I mentioned last time that we were going to support our members with heavy goods vehicles built between 1960 and forty years ago in reversing the decision by the Minister responsible to deny to their vehicles the entitlement to the exemption from roadworthiness testing permitted under the Directive and offered to the other classes of vehicles. While we recognise the reasons which may have led to this decision by Government, it is the view of the Historic Commercial Vehicle Society that the statistics do not support this position and that their vehicles have an excellent safety record, as evidenced by their extremely low insurance rates. Their position was put by the Federation to MPs and Peers at the first All Party Parliamentary Historic Vehicles Group meeting of the year.
We will be encouraging HCVS to undertake their own campaign as well, and would hope to be able to support that campaign as it develops.
Registration & Licensing
We also advised the APPHVG members of our concerns at the apparent rigidity in DVLA regarding the registration of some types of vehicles. While there are probably not a great many actual cases, we are concerned that the current process in DVLA may make ‘difficult’ cases even harder to solve.
There is however one glimmer of hope. We have received an indication from DVLA, following extensive pressure from us since they announced at the end of 2017 that no ‘appeal’ against a Q Plate would be considered more than 12 months after issue, that they will after all consider ‘genuine‘ applications for substitution of a Q Plate submitted later.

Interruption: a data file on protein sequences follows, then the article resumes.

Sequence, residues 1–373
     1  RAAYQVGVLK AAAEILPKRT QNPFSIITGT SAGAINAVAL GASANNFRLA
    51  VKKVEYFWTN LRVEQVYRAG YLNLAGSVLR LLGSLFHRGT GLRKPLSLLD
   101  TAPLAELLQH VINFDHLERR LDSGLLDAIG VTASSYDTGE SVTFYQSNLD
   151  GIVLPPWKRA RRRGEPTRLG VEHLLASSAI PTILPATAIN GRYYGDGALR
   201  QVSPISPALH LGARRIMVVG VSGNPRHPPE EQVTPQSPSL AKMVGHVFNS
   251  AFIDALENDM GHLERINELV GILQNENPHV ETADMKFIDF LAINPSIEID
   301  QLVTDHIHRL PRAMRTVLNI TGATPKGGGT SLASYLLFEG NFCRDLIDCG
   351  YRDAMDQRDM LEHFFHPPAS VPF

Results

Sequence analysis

As we have been arguing only for the change in cases where the actual identity and date of the vehicle is now indeed clear, this is good news, and I will be looking at establishing the detail of this offer over the next few weeks with a view to advising members who think they may benefit from this change how they should proceed.
Insurance: The Effect of Vnuk
As this edition is going to press, we have received sight of the proposed amendments to the EU Motor Insurance Directive to deal with concerns about competitive motoring and the possibility of vehicles on SORN (and other national equivalents) having to be insured even though immobile. Unfortunately I have become aware of these too soon before publication date to offer any useful comments at the moment, other than the fact that it is obvious our comments are being taken account of by at least some of the MEPs considering the matter.
I would have hoped that by now it would be possible to offer some predictions as to where our legislative procedures on traffic and matters related to vehicles would be in the light of the Referendum. But at this point I simply cannot. Whatever one’s views on the subject of leaving or remaining in the EU, this is very frustrating. So we must await developments before we can predict what is going to happen to the laws and regulations which govern historic vehicles in the UK for just a bit longer.
FBHVC Vacancy Legislation Director
Our Legislation Director, Bob Owen, is retiring in October 2019 and we are now seeking applications from potential candidates who have broad, all round relevant experience.